Dropping down the backside of the grapevine from the Tejon Pass, along Interstate 5 between Los Angeles and San Francisco, one is greeted by an endless sea of agricultural fields. However, the farms of California’s San Joaquin Valley are not 160-acre family homestead farms rooted in the 19th century nor are they in the yeoman farmer tradition envisioned by Thomas Jefferson. They are large-scale, highly productive, corporate farms.
While these massive agricultural operations are quite a sight, what’s more incredible is that they even exist at all. Given the natural resources of the area, the possibility for anything – aside from cactus and scrub – to grow here is a miracle.
“The southern part of the valley was a barren desert waste with scattered saltbush when first viewed by Don Pedro Fages in 1772 coming from the south over Tejon Pass,” wrote University of California Berkeley Professor Emeritus, James Parson. “Less than five inches of rain annually falls in southwestern Kern County, maybe ten inches at Fresno. Pan evaporation in a summer month on the west side pushes 20 inches.”
Still, a barren desert waste and parched conditions didn’t stand in the way of what was to come. For with a little imagination, subsidized water, and cheap migrant field workers, mankind was able to create what “has been called ‘The world’s richest agricultural valley,’ a technological miracle of productivity.”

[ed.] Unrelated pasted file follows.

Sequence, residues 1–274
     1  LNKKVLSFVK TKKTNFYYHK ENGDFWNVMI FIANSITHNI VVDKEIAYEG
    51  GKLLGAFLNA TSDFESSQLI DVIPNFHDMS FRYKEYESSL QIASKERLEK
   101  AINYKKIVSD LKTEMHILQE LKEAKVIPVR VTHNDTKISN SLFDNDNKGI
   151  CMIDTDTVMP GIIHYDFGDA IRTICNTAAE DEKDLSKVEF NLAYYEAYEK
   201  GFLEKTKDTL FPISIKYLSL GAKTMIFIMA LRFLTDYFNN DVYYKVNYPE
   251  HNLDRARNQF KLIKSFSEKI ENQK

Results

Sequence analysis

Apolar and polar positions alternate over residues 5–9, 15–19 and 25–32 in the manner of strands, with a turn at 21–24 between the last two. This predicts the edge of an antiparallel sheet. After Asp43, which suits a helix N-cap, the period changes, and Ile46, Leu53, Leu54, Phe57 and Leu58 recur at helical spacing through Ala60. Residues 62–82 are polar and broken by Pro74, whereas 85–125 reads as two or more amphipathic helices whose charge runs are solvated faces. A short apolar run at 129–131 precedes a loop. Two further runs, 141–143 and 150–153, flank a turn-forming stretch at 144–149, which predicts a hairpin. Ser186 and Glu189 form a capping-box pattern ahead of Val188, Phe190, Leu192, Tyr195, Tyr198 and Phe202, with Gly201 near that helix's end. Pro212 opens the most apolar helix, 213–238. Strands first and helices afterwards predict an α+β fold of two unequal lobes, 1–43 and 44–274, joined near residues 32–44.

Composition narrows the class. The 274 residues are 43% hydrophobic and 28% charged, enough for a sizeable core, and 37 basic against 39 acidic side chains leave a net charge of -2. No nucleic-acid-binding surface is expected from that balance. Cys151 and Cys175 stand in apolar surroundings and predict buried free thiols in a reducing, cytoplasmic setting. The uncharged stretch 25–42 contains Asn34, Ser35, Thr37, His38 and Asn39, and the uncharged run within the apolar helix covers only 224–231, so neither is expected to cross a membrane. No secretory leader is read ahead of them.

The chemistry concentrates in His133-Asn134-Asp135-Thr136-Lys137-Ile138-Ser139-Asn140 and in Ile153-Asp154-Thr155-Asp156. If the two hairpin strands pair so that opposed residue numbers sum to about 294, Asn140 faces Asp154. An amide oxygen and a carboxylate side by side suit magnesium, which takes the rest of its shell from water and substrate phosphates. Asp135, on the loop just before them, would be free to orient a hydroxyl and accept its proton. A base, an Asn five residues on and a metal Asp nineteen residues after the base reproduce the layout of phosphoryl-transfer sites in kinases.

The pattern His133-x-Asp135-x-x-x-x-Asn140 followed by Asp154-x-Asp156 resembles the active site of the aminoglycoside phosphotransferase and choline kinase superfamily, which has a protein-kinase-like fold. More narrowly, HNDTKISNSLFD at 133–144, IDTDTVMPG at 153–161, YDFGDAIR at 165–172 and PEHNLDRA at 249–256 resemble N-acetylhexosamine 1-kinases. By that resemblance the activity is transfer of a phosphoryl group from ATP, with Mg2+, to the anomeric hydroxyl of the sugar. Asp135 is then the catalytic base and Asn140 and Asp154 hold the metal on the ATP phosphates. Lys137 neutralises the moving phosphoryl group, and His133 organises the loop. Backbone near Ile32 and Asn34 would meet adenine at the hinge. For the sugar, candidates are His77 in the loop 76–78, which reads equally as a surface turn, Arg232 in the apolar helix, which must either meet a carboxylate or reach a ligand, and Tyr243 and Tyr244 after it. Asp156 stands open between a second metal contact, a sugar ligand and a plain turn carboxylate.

Unfortunately, endlessly dumping chemical fertilizers, pesticides and herbicides, and imported water, is not without consequences. What has stimulated the productive miracle of the San Joaquin Valley over the last century is the same blend of factors that has propped up American financial markets, and government debt, over the last decade…
Namely, cheap credit and excess liquidity.
For example, in the San Joaquin Valley, vast irrigation networks convey water thousands of miles to make the desert bloom. But as surface water is conveyed along the open California aqueduct it becomes saltier. And as it’s applied for irrigation, the residual salts collect in the soil.
After decades of this, the salt in the soil has built up so that it strangles the roots of the plants. To combat this, over-watering is required because the irrigation water – while salty – is fresher than the salt encrusted soil. By applying excess irrigation water, the soils around the plants are temporarily freshened up so that crops can grow. Yet, at the same time, this over-watering accelerates the mass quantity of salt being applied to the soil.
In this grand paradox, the freshness of the excess water that’s keeping the farmland alive is the source of the salt that’s killing it.
So, too, goes the U.S. economy. After five years of rapidly expanding their balance sheet and pumping cheap credit and excess liquidity into financial markets the Federal Reserve has surfaced a similar paradox.
They must keep expanding the money base to keep the economy afloat…but in doing so they’ll ultimately kill it. Our guess is the Fed won’t get serious about turning until the market forces them too. By then they’ll have lost any remaining control they still hold.
for Economic Prism